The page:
Shares in Meta Platforms on Monday soared in pre-market U.S. trading after the social media giant announced a new paid subscription service on its Facebook and Instagram platforms.
Meta Platforms Inc. is set out for its biggest single-day gain in nearly a decade after Chief Executive Officer Mark Zuckerberg laid out plans to make the technology conglomerate leaner, more effective, and more pivotal.
The social media giant on Monday announced a new paid subscription service on its Facebook and Instagram platforms.
Zuckerberg, who has spent the previous year promising a faraway future in a digital world called the metaverse, was more riveted on a call with investors Wednesday on immediate complications, such as sending users the most appropriate videos at the right time and finally making substantial revenue from messaging products. He described 2023 the ‘‘Year of Efficiency.’’
The company is working on flattening its organization structure and removing some layers of middle management to make decisions faster, as well as deploying AI tools to help their engineers be more productive, Zuckerberg said on the call.
Meta, on the rebound after the worst year for its stock in history, stands in stark disparity to other tech companies that have noticed their stocks reprimanded for disappointing outlooks. Snapchat owner Snap Inc., for instance, plunged 10% after projecting its first-ever quarterly revenue plunge. The industry has confronted a decrease in advertiser demand – as well as a shift in privacy rules on Apple Inc.’s iPhone that makes it harder to offer targeted ads. But Meta has countered the slump with measures including a cut of 11,000 jobs, or 13%of the workforce, in November in its first-ever major layoff.
The company’s stock surge is the biggest contributor to the Nasdaq 100’s rally Thursday, including more than 10 percent to the target rise, according to data compiled by Bloomberg. The tech-heavy gauge is inching closer to entering a bull market as investors pile into growth stocks, wagering that the Federal Reserve’s rate hike is nearing an end.
Meta shares on Monday soared 24% to $189.54 at 10:41 a.m. in New York.
Fourth-quarter sales plummeted 4% to $32.2 billion, the third straight period of declines. Even so, the overall beat analysts’ estimates, and Meta projected revenue of $26 billion to $28.5 billion for the first quarter, in line with an average projection of $27.3 billion. Analysts are forecasting that Meta will return to growth following the present period.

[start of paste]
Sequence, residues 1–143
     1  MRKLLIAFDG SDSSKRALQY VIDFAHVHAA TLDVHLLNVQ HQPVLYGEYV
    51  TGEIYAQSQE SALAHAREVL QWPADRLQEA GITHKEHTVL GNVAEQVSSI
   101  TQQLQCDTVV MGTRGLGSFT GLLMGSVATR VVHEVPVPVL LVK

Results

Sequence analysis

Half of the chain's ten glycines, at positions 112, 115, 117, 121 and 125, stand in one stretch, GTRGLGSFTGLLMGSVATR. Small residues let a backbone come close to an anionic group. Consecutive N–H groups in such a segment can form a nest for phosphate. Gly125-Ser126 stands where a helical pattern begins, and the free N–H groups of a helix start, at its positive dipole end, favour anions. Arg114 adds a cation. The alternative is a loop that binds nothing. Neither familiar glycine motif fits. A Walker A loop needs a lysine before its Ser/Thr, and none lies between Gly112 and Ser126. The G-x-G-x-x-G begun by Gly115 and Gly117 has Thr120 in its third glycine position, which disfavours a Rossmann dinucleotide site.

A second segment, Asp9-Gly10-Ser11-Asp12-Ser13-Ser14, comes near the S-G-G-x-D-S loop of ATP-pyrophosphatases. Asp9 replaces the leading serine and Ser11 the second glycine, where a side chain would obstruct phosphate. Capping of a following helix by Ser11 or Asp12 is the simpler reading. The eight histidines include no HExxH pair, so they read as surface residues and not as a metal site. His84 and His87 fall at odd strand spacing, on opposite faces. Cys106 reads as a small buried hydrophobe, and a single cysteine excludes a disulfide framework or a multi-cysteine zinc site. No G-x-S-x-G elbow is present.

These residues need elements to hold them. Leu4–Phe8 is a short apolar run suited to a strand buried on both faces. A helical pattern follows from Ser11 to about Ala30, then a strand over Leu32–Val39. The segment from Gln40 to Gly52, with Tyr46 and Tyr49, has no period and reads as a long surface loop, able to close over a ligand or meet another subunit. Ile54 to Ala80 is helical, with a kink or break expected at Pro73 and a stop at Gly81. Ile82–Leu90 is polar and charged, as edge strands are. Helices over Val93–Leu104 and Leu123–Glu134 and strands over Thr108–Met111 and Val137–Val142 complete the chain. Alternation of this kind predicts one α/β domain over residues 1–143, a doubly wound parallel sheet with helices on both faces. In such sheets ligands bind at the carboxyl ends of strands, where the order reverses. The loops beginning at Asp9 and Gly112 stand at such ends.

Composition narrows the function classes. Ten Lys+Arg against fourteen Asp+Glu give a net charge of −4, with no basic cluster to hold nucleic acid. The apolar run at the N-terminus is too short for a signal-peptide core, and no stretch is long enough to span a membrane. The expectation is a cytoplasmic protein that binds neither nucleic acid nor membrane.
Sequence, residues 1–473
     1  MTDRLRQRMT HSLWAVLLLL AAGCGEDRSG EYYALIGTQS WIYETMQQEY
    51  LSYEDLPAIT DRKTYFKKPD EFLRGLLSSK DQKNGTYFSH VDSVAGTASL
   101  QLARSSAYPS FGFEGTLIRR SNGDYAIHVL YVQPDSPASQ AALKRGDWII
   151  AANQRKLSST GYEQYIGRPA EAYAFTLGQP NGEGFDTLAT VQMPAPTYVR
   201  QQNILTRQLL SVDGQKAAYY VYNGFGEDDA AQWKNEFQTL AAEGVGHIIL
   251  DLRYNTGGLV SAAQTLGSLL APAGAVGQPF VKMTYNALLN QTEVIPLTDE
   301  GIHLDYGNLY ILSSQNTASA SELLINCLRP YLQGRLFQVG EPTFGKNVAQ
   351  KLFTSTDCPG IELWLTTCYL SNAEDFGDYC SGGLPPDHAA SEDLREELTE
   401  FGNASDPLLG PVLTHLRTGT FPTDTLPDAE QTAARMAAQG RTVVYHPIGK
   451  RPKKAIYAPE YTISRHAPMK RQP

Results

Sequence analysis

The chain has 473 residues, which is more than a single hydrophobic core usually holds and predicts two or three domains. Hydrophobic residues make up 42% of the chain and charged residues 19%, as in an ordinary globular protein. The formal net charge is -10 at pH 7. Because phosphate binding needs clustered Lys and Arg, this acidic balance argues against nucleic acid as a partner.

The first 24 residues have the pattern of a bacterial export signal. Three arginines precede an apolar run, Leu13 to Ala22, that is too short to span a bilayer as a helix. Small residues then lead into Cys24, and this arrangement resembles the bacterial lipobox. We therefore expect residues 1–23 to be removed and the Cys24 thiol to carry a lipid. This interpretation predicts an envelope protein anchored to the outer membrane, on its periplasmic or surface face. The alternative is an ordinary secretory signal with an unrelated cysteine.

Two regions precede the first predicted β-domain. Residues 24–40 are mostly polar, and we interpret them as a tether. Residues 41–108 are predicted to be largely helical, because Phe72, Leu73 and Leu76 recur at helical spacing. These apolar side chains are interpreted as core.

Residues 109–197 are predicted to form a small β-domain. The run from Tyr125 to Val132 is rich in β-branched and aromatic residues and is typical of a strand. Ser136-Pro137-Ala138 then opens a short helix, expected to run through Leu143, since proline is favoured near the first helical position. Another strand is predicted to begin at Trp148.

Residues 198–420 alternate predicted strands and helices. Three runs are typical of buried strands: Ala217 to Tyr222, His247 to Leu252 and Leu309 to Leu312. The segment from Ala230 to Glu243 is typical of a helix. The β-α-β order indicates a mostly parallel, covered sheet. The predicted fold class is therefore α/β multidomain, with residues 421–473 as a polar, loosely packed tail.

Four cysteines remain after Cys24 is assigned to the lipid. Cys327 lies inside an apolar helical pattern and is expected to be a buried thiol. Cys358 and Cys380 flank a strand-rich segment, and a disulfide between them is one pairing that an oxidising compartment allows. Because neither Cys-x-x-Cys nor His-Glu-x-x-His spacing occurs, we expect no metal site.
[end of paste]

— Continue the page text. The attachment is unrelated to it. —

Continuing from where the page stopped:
In the call with investors on Wednesday, Zuckerberg said the company is using AI to improve the way it suggests content – a strategy for making the platform more attractive to advertisers and users alike. Digital ads make up most of its sales, specifically from clients in the technology and finance domain. And, although ad sales have slumped, the company also directed to some industries, including health and travel, where businesses are consuming more.
Snap gave a smaller amount of upbeat outlook on Tuesday, saying it expected sales to decline in the current period. CEO Evan Spiegel said the ad slump appears to be undermining out. ‘Advertising demand hasn’t really improved, but it hasn’t gotten significantly worse either,’ Spiegel said on a conference call.
Meta’s job cutbacks came during a quarter that was otherwise an advancement for the tech giant. Facebook, Meta’s flagship social network, now has more than 2 billion daily users, up more than 70 million from the previous year.
The company also enhanced its stock-buyback authorization by $40 billion, adding to the $10.9 billion remaining from previous repurchase programs. In the fourth quarter, Meta noted restructuring charges of $4.2 billion associated with its job cutbacks.
Zuckerberg has devoted tens of billions of dollars to an effort to build the metaverse – a digital world where people can work and play. Those efforts are still in their initial phases, which means much of the capital spending is not leading to immediate revenues.
Still, Menlo Park, California-based company said 2023 expenses will be $89 billion to $95 billion – less than Meta’s previous estimation. That might assist enhance investor fears that the company is squandering its virtual-reality ambitions.
Capital expenditure in the latest quarter surged to $9.22 billion. In 2021 the fourth quarter, by contrast, capital expenditure was $5.54 billion.